Embracing All Kinds of Thinkers

Neurodiversity diagnoses are on the rise. Here’s how your workplace can embrace those who think, learn and behave differently. 

The number of people who identify as neurodiverse is on the rise, and employers are paying attention.

They’re actively seeking to understand and accommodate for the neurodiverse, or those who interact, think, process and absorb information differently and can have a wide range of conditions, whether it’s ADHD, dyslexia or various autistic spectrum diagnoses.  

“It has become pretty big in the past few years,” says Dan Schawbel, managing partner at Workplace Intelligence, a workplace research firm. About 15% to 20% of adults identify as neurodiverse. That’s especially true for Generation Z encompassing those born between 1996 and 2012. As many as 53% of Gen Zers identify as neurodiverse.  

Employers are desperately seeking to hire them amid a tight labor market, but also because such people may have a unique kind of creativity or perhaps keen observational skills. In fact, teams with neurodiverse individuals may be 30% more productive, according to research by Deloitte.

Yet they’re not always happy in their jobs: 51% of neurodiverse people say they want to quit their job because they don’t feel supported. Yet three quarters of neurodiverse individuals don’t reveal their disability because they worry that it will impact their career or make them feel different. 

“Fear has been holding back advancement,” says Melissa Danielsen, cofounder of Joshin, a Minneapolis software platform for neurodivergent workplace support. “If leadership can open up the conversation about neurodiversity it can change a cultural dynamic pretty quickly, driving self-disclosure, vulnerability and psychological safety.”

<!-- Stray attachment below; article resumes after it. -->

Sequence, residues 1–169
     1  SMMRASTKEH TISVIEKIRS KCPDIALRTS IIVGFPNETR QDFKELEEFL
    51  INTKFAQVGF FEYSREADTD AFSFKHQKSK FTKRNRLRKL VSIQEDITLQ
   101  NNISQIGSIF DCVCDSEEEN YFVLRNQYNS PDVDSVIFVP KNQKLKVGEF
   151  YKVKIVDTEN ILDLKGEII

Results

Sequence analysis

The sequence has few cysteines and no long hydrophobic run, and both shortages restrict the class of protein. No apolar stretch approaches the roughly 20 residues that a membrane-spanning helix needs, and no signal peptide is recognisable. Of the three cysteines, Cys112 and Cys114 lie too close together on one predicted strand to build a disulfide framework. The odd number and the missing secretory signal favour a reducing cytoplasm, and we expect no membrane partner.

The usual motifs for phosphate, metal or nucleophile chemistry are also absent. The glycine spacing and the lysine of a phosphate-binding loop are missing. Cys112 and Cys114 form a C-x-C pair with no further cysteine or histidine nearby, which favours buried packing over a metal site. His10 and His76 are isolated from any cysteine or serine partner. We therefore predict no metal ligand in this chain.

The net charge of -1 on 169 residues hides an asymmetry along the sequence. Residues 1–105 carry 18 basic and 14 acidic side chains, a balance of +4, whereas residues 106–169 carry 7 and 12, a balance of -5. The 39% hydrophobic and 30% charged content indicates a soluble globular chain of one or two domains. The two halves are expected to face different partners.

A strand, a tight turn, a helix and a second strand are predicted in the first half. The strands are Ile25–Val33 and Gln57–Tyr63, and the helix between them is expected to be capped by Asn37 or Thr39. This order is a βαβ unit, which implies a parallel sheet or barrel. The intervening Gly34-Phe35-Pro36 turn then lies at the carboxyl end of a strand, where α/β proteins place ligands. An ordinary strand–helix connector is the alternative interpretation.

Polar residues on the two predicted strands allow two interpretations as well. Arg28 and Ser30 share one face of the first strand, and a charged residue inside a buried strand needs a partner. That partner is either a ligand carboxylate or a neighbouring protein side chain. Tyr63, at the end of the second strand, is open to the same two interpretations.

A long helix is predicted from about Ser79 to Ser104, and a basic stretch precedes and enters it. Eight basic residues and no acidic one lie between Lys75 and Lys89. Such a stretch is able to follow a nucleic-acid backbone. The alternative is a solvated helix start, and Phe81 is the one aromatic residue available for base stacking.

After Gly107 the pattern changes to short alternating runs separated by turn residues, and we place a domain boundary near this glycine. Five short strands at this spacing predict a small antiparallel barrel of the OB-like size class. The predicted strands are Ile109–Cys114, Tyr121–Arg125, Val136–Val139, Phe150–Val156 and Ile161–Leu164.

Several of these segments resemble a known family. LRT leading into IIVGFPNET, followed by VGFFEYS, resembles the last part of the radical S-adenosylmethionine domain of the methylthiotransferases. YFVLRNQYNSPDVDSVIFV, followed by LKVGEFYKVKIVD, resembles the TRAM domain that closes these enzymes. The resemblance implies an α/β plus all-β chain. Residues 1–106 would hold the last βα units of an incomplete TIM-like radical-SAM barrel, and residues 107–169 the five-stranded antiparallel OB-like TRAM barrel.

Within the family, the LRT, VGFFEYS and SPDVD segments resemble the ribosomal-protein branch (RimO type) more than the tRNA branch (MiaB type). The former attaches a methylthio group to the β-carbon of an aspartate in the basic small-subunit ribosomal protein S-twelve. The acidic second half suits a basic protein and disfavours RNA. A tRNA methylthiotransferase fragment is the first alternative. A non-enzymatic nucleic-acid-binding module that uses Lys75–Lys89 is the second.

So how do you create a more inclusive workplace for neurodiverse workers?

Start with the Interview. 

Neurodivergent employees may be more successful in interviews that don’t rely solely on conversation but rather performing a task to demonstrate skills. Tim Gouw, Unsplash.

Employers are rethinking their hiring processes to ensure they’re inclusive of the neurodiverse. This typically means more skills assessments rather than too much emphasis on a face-to-face or Zoom interview. People can perform a task or work on a real-world problem to showcase their strengths and in a different format. This works especially well for autistic candidates whose strengths may not be social interactions. 

It’s helpful to offer the neurodiverse a variety of workspaces, such as this open and social and light space in Gensler’s San Francisco headquarters. Gensler.

Modern Office Design Means Designing for the Neurodiverse.

Neurodiverse design may be the future of design, says Greg Gallimore, a director at Gensler, a global design and architecture firm headquartered in San Francisco. 

“The future of work is accommodating and engaging for all types of people,” he says.

That means offering a variety of places that people can work, depending on their sensitivity or needs. That could be bright white spaces for more activity to stimulate work. Or, it could be safer, smaller, darker spaces that offer a feeling of safety, and a variety of meeting spaces. Gallimore also recommends having a variety of meeting spaces, whether it’s two- to three-person rooms or smaller, more contained one-person phonebooths. While hot desking is popular, some experts suggest offering some assigned desks to those who want them, because packing up items and moving from one desk to home to another desk can be overwhelming to some neurodiverse individuals. 

Dark cozier spaces can be inviting for the neurodiverse if the mood calls. Gensler.